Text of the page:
Christian priest was shot twice and left for dead outside Greek Orthodox church in Lyon by angry husband whose wife he had been sleeping with
- Nikolaos Kakavelakis, 52, was gunned down by his Lyon church on October 31
- There were initial fears he was the latest victim of Islamic terrorism in France
- But Father Kakavelakis has now awoken from his coma and revealed his killer
- He says he was shot by a husband whose wife the priest had been sleeping with
A priest who was shot twice outside his Greek Orthodox Church in Lyon was the victim of an angry husband whose wife he was sleeping with.
Nikolaos Kakavelakis, a 52-year-old father of two, was initially feared to be the latest victim of Islamic terrorism in France after he was attacked with a sawn-off shotgun on October 31.
But Father Kakavelakis has now emerged from a coma and told detectives that the man who attempted to murder him was a love rival.
Nikolaos Kakavelakis, was shot twice outside his Greek Orthodox Church in Lyon was the victim of an angry husband whose wife he was sleeping with
The 52-year-old father of two, was initially feared to be the latest victim of Islamic terrorism in France
Nicolas Jacquet, the Lyon Prosecutor, said in a statement released on Saturday that the attacker ‘turns out to be the husband of a woman who was having an affair with the victim.’
An investigation for ‘attempted murder’ has since been launched, and the arrested suspect’s wife is also in custody, said the prosecutor.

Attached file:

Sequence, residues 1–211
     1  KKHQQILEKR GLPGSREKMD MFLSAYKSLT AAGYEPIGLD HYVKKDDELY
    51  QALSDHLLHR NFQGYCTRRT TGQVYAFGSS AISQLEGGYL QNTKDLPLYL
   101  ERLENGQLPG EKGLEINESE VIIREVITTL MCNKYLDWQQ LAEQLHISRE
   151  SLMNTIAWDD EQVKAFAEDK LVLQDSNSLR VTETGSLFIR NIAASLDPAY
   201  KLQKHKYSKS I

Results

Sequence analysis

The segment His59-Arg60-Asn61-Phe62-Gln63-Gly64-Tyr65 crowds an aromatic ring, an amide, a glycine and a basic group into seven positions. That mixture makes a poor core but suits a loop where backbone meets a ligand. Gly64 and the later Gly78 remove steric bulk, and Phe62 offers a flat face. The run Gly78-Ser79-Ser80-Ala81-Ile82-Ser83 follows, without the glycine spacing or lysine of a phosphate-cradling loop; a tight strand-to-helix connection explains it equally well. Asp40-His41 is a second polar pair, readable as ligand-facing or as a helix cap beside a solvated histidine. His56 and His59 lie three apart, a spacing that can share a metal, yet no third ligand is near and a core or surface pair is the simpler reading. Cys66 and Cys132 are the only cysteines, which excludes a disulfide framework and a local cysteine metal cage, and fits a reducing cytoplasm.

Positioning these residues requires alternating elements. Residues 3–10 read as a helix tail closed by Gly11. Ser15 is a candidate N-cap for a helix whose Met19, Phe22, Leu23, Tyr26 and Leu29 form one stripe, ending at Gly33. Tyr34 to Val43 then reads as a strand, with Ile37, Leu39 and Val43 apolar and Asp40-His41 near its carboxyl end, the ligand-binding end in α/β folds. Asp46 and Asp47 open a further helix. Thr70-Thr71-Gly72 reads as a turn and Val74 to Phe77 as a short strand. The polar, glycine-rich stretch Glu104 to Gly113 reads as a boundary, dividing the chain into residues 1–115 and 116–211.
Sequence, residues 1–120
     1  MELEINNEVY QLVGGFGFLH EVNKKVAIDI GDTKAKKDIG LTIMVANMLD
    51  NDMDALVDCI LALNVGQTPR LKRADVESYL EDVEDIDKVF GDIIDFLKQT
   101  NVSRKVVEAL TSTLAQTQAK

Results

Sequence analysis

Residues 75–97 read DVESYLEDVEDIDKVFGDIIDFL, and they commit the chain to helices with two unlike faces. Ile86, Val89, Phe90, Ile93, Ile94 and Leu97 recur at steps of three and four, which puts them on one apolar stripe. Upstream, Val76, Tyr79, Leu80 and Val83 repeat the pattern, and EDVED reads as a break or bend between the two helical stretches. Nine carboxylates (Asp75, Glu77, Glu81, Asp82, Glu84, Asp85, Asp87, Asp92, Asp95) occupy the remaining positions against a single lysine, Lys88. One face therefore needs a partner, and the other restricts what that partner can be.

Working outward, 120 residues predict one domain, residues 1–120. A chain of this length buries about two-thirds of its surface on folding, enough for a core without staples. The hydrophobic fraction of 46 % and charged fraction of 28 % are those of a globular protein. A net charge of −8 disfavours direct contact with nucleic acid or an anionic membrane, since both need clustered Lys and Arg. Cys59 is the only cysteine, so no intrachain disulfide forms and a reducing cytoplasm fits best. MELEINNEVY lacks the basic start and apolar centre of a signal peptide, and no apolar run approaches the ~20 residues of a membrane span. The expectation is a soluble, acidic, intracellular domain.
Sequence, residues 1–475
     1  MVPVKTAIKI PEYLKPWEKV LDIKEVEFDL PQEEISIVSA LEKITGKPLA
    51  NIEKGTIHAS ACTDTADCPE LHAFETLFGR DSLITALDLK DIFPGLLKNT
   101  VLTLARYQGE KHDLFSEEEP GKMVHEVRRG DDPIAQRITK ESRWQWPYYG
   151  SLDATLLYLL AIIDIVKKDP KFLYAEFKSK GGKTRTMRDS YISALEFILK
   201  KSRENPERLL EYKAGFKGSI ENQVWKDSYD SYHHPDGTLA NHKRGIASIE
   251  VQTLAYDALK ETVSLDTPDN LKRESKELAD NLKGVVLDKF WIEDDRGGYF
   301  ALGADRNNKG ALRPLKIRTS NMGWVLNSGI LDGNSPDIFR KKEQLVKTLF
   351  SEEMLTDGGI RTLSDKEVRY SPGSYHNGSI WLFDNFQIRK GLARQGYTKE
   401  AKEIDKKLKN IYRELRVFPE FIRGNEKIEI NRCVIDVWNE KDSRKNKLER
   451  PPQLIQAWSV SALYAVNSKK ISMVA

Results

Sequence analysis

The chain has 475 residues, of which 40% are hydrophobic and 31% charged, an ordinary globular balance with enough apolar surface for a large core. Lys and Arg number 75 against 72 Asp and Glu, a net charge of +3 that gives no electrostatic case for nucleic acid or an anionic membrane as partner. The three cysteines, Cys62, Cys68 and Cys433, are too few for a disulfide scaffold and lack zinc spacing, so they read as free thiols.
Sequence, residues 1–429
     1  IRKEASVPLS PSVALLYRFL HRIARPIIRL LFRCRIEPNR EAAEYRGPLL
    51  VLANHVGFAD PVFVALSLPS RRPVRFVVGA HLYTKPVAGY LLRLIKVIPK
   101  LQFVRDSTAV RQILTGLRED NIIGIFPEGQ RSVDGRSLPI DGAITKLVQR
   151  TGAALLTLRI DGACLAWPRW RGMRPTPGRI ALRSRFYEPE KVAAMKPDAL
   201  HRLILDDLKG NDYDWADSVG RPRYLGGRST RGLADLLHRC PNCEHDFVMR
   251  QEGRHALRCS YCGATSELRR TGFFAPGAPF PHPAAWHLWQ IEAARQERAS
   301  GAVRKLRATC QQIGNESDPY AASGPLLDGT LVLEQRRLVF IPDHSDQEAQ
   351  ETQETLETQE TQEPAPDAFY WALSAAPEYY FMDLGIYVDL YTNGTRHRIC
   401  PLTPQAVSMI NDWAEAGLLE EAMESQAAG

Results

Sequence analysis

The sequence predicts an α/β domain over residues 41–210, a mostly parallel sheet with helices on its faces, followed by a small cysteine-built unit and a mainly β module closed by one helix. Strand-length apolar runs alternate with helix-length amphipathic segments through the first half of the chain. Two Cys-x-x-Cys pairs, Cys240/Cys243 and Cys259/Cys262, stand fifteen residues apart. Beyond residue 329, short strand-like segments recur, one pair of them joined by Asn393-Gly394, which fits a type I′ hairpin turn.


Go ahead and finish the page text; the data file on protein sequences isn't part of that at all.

The attacker has solely been identified as a 40-year-old man of Georgian nationality who lives close to the Greek Orthodox Church in the 7th arrondissement of Lyon.
He has admitted gunning Father Kakavelakis down while he was locking his Church up, and then left the priest for dead.
Father Kakavelakis has now emerged from a coma and told detectives that the man who attempted to murder him was a love rival
The suspect ran to his home nearby, and believed he might have got away with the crime, until Father Kakavelakis made a miracle recovery.
The suspect was arrested at his home on Friday, and had now made a ‘full confession’, said Mr Jacquet. His wife was arrested at the same time, he added.
Father Kakavelakis, a Greek national who had been a priest in Lyon for the past decade, had resigned from this job a month ago, and was working out a notice period.
The attack on him came two days after three people were murdered in the Notre Dame Roman Catholic Basilica in the southern French city of Nice.
A Tunisian-born terrorist linked to radical Islamism carried out the crimes, and was shot 14 times by police before being taken into custody.
The attacker has solely been identified as a 40-year-old man of Georgian nationality who lives close to the Greek Orthodox Church (pictured)
Last month school teacher Samuel Paty was beheaded by a Chechen-born terrorist after showing Charlie Hebdo cartoons of the Prophet Mohammed to a class of school children as part of a ‘free speech’ lesson.
This led to many assuming the attack in Lyon might be linked to terrorism, but that has now been ruled out by the French authorities.
French Prime Minister Jean Castex said his government was determined to allow ‘each and everyone to practice their worship in complete safety and in complete freedom’.
Following the Lyon attack, the Greek Orthodox Holy Diocese of France released a statement reading: ‘We pray for a speedy recovery and unequivocally condemn all forms of violence.’